We should rather think that God's purpose for us humans is for a purpose as glorious as He is, that whatever was purposed in His mind as He chose to create us, that this purpose is truly alive and full with power and joy. And certainly He would wish to commune with us.
Certainly he would stoop down and share with us from the wellspring of His being. And when the child stoops down to shower affection on a new puppy, doesn't the puppy receive it with wagging and excitement? Surely God must desire that we receive affection from Himself, and that we commune with Him in a deep and meaningful way.
Yet how can we commune with a God who we neither know nor see nor understand? Where is this affectionate God who desires our fellowship? How do we reach Him?
Every religious system has attempted to answer such questions as these, and the answers, if all put together into one book, would make up a very confusing book indeed.
This one world religious book would speak of a God who created living creatures who feel and care, yet it would deny that God Himself feels or cares. Thus we become even greater than the God who created us. Such overconfidence in a human.
The book of human knowledge and experience would speak of a multitude of gods who rule the universe with the same petty squabbling that we humans observe amongst ourselves. Surely this cannot be.
The book of the wisdom of the world would speak of no God after all, that this whole show is merely an illusion — a cosmic joke, and that we are not really here to even see the humor of it all. But how can nothing be even aware of its nothingness?
The book of human knowledge about God would teach us that there really is no God after all, that this universe is just here for no reason at all and that the experience of consciousness is just something that happens once in a while for no apparent reason. But can purpose be a thing which is created merely by accident?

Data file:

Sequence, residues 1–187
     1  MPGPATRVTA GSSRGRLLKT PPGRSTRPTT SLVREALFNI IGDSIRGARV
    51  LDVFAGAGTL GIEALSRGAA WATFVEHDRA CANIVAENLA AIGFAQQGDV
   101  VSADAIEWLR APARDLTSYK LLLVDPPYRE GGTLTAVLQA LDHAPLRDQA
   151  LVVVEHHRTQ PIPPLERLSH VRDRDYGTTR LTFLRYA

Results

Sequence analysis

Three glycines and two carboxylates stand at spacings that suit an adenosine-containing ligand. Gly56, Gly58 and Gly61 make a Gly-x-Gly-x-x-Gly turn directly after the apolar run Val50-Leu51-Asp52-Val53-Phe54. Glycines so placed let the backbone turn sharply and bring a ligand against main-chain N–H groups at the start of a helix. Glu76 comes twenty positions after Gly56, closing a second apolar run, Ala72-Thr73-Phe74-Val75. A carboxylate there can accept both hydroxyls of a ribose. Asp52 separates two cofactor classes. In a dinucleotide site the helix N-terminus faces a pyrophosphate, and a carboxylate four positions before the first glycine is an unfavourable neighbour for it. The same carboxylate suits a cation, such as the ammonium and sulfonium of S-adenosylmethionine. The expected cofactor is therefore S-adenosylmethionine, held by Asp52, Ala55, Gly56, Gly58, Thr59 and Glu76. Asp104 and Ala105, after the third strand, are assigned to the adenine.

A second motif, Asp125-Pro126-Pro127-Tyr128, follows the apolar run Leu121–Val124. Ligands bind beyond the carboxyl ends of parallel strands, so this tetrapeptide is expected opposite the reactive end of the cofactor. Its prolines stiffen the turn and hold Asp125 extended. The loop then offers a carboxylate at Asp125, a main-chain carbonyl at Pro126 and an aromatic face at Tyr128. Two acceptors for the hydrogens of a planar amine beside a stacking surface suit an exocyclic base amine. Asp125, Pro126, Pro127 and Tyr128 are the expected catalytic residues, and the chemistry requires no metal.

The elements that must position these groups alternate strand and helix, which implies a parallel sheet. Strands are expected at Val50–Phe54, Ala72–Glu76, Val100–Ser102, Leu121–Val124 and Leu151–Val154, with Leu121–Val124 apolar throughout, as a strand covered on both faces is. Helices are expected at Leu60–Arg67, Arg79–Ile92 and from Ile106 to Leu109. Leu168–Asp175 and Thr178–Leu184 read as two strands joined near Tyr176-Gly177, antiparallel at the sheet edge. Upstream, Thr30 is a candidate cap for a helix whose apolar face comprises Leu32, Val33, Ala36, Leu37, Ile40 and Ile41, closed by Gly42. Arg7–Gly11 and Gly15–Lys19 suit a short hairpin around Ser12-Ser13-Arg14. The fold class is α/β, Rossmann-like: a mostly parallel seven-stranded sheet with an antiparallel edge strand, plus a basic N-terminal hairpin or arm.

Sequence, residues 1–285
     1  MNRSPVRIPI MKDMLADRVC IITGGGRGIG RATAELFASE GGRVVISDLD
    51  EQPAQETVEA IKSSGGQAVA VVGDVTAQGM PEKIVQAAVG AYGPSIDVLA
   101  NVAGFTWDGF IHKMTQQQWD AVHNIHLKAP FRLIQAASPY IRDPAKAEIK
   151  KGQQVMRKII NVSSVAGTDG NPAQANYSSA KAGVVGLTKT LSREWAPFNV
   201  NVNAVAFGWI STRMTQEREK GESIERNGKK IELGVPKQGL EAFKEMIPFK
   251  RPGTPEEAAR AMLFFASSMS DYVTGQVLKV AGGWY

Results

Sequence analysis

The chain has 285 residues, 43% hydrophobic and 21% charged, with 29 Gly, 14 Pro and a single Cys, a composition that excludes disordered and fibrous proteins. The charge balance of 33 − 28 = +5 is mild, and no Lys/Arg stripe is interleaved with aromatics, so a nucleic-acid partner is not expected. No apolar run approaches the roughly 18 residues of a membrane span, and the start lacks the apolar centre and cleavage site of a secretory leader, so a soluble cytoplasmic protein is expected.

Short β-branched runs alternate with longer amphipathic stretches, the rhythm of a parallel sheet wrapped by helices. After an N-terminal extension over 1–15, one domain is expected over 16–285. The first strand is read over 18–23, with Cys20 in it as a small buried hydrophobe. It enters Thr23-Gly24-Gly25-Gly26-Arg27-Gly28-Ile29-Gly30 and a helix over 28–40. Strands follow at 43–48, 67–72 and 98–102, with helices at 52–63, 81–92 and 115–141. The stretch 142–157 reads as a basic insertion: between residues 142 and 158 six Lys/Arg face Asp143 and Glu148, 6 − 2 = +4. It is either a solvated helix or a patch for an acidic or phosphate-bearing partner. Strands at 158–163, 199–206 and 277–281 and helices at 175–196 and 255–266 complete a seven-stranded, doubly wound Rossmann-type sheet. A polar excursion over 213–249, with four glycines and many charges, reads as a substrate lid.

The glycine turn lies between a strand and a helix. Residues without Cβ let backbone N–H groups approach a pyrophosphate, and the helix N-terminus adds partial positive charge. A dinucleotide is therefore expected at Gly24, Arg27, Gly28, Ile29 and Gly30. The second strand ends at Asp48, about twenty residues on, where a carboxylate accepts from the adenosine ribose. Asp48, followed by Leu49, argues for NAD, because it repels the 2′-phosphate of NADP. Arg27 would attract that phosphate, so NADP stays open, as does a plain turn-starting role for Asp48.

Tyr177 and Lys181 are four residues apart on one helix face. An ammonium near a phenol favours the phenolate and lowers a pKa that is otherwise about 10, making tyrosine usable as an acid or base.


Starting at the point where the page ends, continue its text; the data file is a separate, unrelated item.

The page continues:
The book of human knowledge about God would reveal to us that God used to be just like us, but that as He improved Himself through various disciplines and practices, He evolved into a being with sufficient power to create new creatures, such as ourselves, and that if we work hard enough and long enough, we too can become a god. But from what did the first man-God evolve?
The book of human knowledge would reveal to us fantastic states of ecstasy where we can experience eternal union with God in His essence — but only after we realize that we are not what we thought we were in a burst of cosmic realization. This happens only after wandering about the physical and spiritual universe for age upon age, discarding old, worn out bodies in place of new ones which better express our new reality. But why is there no mention of God, the Creator, when such things as these are discussed?
The book of human knowledge about God would teach us things that simply cannot be. On one page it would demonstrate that after death we will transmigrate into a new body and that this body must be a human one. But on another page it would teach that we may also become a worm or a cockroach.
Around and around we go, gaining knowledge and understanding, working off our bad deeds, spiraling ever downward as we notice that the bad deeds far outnumber the good, and that there is no hope of having fellowship with a God who isn't even worth mentioning except in passing. Who can we trust?
In the end we must rely on the testimony of those who have been beyond death's gate. We must rely on humans who have been truly anointed of God as authorities in the field of spiritual wisdom. This wisdom can only come from God Himself, for man's wisdom continually results in slaughter and murder, rape and child abuse, depression and despair. These are the fruits of human knowledge.
I am compelled to speak out against the utter foolishness of human wisdom and knowledge:
I have earnestly sought after human wisdom.
I have submitted my life under the guidance of a Guru.
I have diligently practiced meditation, and the holistic New Age lifestyle.
I have listened to my inner guiding, and have tried countless of other human paths of knowledge.
Yet all these ways of knowledge were doomed to utter and complete failure. I looked on in helplessness and sank deeper and deeper into spiritual despair and hopelessness until I ran out of things to try.
In desperation I cried out to the heavens and to God, whoever or whatever He was, with a prayer that He show me the Truth and save me from the lies of human spiritual wisdom and knowledge.
God answered this prayer before I was born and sent His Son, Jesus the Messiah, to rescue and to save me.
For there is no one like him, for he is more than a mere human. He has the healing anointing of God and will give hope and sanity to those who seek him. For it truly is as he himself said: "I am the way, the Truth, and the life. No one comes unto the Father except through me."
I have seen the Truth, and He is Jesus.